2. secondly, upon the heirs of the husband;
    3. thirdly, upon the mother and father;
    4. fourthly, upon the heirs of the father; and
    5. lastly, upon the heirs of the mother.

    Full blood preferred to half-blood

    Heirs related to an intestate by full blood shall be preferred to heirs related by half blood, if the nature of the relationship is the same in every other respect.

    Right of child in womb

    A child who was in the womb at the time of death of an intestate and who is subsequently born alive has the same right to inherit to the intestate as if he or she had been born before the death of the intestate, and the inheritance shall be deemed to vest in such a case with effect from the date of the death of the intestate.

    Presumption in cases of simultaneous deaths

    Where two persons have died in circumstances rendering it uncertain whether either of them, and if so which, survived the other, then for all purposes affecting succession to property, it shall be presumed, until the contrary is proved, that the younger survived the elder.

    Preferential right to acquire property in certain cases

    Where interest in any immovable property of an intestate, or in any business carried on by him or her, whether solely or in conjunction with others, devolve upon to two or more heirs specified in class I of the Schedule, and any one of such heirs proposes to transfer his or her interest in the property or business, the other heirs shall have a preferential right to acquire the interest proposed to be transferred.

    The consideration for which any interest in the property of the deceased may be transferred under this section shall, in the absence of any agreement between the parties, be determined by the court on application being made to it in this behalf, and if any person proposing to acquire the interest is not willing to acquire it for the consideration so determined, such person shall be liable to pay all costs of or incident to the application.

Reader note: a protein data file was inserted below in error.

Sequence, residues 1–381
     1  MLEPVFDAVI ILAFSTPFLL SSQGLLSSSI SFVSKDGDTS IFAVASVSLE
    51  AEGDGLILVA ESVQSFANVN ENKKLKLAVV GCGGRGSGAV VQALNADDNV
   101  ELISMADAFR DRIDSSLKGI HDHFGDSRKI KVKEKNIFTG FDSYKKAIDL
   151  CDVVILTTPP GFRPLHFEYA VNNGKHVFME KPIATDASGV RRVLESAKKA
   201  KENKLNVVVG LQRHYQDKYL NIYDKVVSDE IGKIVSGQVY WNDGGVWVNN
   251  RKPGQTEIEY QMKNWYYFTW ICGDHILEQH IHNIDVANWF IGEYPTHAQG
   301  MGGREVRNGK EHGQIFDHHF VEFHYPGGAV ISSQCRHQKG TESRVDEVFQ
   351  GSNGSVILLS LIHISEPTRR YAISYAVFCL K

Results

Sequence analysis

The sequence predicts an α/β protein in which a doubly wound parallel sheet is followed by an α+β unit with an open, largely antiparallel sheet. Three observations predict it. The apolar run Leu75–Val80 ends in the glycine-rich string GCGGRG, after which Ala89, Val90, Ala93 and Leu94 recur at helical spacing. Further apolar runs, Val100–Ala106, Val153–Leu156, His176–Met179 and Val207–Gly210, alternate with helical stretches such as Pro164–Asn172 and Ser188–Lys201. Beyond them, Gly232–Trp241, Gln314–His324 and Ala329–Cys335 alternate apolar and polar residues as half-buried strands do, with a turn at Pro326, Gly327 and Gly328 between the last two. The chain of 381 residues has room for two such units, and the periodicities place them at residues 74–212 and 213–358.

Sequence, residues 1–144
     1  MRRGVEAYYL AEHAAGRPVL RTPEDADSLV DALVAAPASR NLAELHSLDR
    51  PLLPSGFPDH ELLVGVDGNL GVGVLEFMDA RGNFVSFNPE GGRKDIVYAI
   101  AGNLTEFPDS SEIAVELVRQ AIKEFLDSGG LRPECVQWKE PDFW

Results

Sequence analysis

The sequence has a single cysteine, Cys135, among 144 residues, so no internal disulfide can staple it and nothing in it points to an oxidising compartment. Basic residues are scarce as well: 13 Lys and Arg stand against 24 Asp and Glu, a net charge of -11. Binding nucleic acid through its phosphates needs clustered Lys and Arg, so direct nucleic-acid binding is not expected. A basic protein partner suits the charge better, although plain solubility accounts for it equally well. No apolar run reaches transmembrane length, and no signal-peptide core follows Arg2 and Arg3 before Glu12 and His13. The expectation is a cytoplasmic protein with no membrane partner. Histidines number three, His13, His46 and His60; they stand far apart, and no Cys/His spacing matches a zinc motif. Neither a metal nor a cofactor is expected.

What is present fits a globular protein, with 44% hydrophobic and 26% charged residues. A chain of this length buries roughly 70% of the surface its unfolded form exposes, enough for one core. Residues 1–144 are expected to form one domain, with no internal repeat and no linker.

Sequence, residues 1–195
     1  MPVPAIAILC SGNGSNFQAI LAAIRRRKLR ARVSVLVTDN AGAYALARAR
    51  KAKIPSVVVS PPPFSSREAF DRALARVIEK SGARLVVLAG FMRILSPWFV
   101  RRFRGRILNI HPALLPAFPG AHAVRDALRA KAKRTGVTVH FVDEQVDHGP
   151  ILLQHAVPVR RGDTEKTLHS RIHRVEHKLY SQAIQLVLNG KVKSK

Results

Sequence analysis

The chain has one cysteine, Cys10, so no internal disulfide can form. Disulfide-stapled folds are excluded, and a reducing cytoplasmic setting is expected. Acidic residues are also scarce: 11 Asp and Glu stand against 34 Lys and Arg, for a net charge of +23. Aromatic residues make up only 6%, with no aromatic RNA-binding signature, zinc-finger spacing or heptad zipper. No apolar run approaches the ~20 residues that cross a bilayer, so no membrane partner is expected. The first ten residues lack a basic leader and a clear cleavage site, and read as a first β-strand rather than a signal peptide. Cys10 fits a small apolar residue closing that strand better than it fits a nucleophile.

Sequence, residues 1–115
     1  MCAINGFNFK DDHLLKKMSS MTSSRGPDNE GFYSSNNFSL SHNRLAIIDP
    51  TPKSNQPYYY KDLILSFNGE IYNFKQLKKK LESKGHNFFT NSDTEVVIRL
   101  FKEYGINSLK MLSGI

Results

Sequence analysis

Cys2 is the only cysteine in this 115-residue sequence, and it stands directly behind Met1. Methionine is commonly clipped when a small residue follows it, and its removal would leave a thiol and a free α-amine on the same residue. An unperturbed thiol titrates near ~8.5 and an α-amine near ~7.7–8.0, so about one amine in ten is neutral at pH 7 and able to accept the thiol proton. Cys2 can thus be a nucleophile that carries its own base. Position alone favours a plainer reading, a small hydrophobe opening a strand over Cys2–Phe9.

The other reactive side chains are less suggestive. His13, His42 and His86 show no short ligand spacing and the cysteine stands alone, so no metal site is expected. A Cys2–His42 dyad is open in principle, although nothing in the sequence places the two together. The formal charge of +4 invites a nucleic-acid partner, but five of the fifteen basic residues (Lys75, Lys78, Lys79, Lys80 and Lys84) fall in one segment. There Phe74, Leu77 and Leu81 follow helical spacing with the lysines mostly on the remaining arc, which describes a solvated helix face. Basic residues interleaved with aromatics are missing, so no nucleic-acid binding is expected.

If there are two or more heirs specified in class I of the Schedule proposing to acquire any interest under this section, that heir who offers the highest consideration for the transfer shall be preferred.

    Special provision respecting dwelling houses

    Where a Hindu intestate has left surviving him or her both male and female heirs in class I and his or her property includes a dwelling-house wholly occupied by members of his or her family, then, the right of any such female heir to claim partition of the dwelling-house shall not arise until the male heirs choose to divide their respective shares therein; but the female heir shall be entitled to a right of residence therein:

    Where such female heir is a daughter, she shall be entitled to a right of residence in the dwelling-house only if she is unmarried or has been deserted by or has separated from her husband or is a widow.

    Certain widows remarrying may not inherit as widows

    Any heir who is related to an intestate as the widow of a pre-deceased son, the widow of a pre-deceased son of a pre-deceased son or the widow of a brother shall not be entitled to succeed to the property of the intestate as such widow, if on the date the succession opens, she has re-married.

    Murderer disqualified

    A person who commits murder or abets the commission of murder shall be disqualified from inheriting the property of the person murdered, or any other property in furtherance of the succession to which he or she committed or abetted the commission of the murder.

    Convert’s descendants disqualified

    Where a Hindu has ceased or ceases to be a Hindu by conversion to another religion, children born to him or her after such conversion and their descendants shall be disqualified from inheriting the property of any of their Hindu relatives, unless such children or descendants are Hindus at the time when the succession opens.